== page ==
A bipartisan group of Senate lawmakers will meet this week to map out a strategy for pushing forward a comprehensive energy agreement in the waning days of the 110th Congress, despite a lukewarm reception for the deal from GOP leaders and an increasingly partisan election-year atmosphere.
Members of the group over the past several months have hashed out a sweeping energy bill that includes not only expanded spending on renewable forms of energy and conservation, but also new drilling opportunities, particularly in coastal areas.
While gasoline prices have steadily declined over the past several weeks, they remain significantly higher than last year and are a major concern of voters making this an opportune time to act, group members said.
That old saying, strike while the iron is hot … its really imperative, said Sen. Ben Nelson (D-Neb.), a member of the Gang of 10, which is led by Sens. Saxby Chambliss (R-Ga.) and Kent Conrad (D-N.D.).
According to Nelson, the group is expected to meet early this week to discuss the best strategy for moving the package forward. Although Senate Majority Leader Harry Reid (D-Nev.) has said he would like to bring the energy package to the floor this month, a leadership aide said it is unclear when he would do so and in what form.
According to this aide, Reid will likely meet with Minority Leader Mitch McConnell (R-Ky.) this week to discuss the legislation. Before going ahead, Reid wants to feel out the Republican leader on whether an agreement can be struck to move the package separately or bundled with other energy issues, including legislation on energy market speculation or extending a set of energy tax provisions that are set to expire.
Reid needs to find out what they want to move before deciding when, and exactly what, he will bring to the floor, the aide said.
Although McConnell is unlikely to settle on a course of action until after his Conference has a chance to meet this week, Republicans said it is unlikely they will agree to move a bill without the opportunity to amend it a condition that they have insisted on during virtually every major policy debate and something that has chaffed Reid considerably.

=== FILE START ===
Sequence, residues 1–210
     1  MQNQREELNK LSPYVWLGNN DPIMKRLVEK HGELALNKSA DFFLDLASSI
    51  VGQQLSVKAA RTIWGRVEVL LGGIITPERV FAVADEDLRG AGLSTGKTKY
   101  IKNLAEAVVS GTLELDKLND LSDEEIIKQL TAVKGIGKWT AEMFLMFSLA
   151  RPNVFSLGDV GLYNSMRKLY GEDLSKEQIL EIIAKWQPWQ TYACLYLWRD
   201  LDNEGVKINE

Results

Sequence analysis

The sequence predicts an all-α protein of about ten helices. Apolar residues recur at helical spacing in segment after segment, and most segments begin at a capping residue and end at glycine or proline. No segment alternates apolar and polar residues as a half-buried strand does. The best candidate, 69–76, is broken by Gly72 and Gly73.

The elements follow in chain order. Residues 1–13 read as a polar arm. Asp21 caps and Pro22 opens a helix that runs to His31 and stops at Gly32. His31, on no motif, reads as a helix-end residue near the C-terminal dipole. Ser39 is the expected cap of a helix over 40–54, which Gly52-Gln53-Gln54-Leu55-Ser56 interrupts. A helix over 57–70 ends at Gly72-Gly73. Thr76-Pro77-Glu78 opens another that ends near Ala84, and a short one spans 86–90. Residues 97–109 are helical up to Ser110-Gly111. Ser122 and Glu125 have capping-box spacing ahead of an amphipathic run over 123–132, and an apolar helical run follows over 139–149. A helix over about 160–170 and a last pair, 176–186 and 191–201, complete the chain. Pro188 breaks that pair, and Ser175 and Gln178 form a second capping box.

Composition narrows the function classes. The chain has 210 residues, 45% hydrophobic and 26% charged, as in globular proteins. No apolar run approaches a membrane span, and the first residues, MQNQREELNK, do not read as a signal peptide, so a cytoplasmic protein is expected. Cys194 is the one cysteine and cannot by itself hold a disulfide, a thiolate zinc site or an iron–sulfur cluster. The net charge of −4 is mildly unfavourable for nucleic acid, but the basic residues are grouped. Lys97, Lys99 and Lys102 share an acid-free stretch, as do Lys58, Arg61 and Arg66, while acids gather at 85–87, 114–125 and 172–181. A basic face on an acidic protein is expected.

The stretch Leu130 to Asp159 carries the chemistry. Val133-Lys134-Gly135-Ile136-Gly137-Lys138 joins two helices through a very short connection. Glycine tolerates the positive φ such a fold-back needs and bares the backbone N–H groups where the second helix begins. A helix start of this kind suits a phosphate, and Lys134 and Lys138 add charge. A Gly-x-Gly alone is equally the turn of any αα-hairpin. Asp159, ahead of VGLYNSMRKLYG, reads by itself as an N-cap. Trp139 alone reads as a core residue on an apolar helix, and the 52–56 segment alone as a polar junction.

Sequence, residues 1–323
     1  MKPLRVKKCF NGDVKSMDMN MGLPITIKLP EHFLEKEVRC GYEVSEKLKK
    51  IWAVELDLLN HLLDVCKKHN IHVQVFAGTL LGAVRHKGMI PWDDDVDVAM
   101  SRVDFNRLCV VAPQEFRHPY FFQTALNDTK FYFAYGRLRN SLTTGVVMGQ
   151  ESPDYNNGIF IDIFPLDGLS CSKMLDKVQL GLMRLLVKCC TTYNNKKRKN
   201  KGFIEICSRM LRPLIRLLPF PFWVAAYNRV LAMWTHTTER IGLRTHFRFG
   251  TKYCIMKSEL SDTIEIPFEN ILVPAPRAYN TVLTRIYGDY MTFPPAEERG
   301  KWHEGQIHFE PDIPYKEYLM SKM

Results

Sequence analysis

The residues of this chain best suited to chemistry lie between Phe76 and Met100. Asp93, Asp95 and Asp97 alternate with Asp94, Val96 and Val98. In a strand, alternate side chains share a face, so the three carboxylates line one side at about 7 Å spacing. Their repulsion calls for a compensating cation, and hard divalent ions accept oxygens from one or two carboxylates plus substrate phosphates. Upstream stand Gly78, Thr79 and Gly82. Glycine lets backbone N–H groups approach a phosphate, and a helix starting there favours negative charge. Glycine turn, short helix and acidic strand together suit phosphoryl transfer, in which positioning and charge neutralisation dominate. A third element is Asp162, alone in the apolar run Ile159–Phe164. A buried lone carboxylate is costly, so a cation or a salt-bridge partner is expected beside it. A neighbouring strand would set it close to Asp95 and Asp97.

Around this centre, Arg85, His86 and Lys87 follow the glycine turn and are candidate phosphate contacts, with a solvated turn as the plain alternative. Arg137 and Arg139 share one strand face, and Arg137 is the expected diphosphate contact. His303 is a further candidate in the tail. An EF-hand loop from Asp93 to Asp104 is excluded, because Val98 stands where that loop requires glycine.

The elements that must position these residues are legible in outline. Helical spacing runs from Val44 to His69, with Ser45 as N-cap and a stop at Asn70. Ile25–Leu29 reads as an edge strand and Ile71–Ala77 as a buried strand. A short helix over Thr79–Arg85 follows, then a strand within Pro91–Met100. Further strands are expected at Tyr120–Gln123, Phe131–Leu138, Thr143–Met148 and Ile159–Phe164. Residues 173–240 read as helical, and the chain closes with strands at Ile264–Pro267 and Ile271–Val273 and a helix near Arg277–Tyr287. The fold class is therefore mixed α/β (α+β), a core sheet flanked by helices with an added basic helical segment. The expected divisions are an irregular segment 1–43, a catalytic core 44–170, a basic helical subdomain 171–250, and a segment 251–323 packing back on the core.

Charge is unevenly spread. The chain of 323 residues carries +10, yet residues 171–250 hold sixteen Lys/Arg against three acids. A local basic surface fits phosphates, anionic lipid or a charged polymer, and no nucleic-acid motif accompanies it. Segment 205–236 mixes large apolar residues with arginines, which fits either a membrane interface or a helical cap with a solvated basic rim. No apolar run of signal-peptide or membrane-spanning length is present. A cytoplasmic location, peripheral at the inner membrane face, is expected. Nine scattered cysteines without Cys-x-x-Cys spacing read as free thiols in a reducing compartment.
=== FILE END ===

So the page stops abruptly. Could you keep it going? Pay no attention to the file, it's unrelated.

Republicans, who have also used the energy issue to their political advantage this summer, appeared hesitant to give up one of the few winning issues they have this election year, arguing that Democrats should have agreed to a debate prior to the August recess.
According to Nelson, during Gang of 10 talks, GOP leaders were lukewarm to quite cold to the idea of a bipartisan deal and that it is unclear whether they will support it now.
GOP aides acknowledged that action on energy legislation should have begun earlier in the year and warned that Democrats may simply be looking to try to railroad Republicans into opposing the bill by refusing to allow amendments.
The Senate should have taken up energy legislation weeks and weeks ago, but Democrats have used parliamentary procedure to stall, one GOP leadership aide said. Reid may once again hint at a possible energy debate that includes plenty of amendment opportunities and then back away at the last minute while trying to blame the collapse on Republicans.
And, in a sign of the growing impact the presidential race is having on the Senate, Republicans last week already began invoking the name of Alaska Gov. Sarah Palin their partys vice presidential nominee in their energy talking points.
Republican progress in the energy debate and Gov. Palins close association with the issue certainly have to concern Congressional Democrats who know their energy stance puts them at odds with most Americans, Senate Republican Conference spokesman Ryan Loskarn said.
As for Sen. Barack Obama (Ill.), the Democratic nominee, Nelson said he has discussed the bill with his camp and that while he may not support every aspect of the legislation, he favors moving it forward because of its bipartisan support.
While he may not agree with everything in it, first he supports the fact that its bipartisan, and secondly he can accept some drilling if its part of a comprehensive approach, Nelson said.
The draft bill would provide significant funding to boost the development and purchasing of energy-efficient vehicles, including a $7,500 tax credit for the purchase of a new advanced-fuel and fuel-efficient car or truck and up to $2,500 to upgrade older vehicles, according to a summary of the bill. It would also invest $15 billion in research and development efforts for efficient car batteries and alternative-fuel technologies.
The bill would also include more than $3 billion in new investment in the development of renewable energy sources such as biofuels, solar and wind energy while expanding drilling in the Gulf of Mexico.
State legislatures in Virginia, the Carolinas and Georgia would also be given the ability to lease drilling off their shores, and the bill would formalize a 50-mile buffer zone where new oil production is not allowed.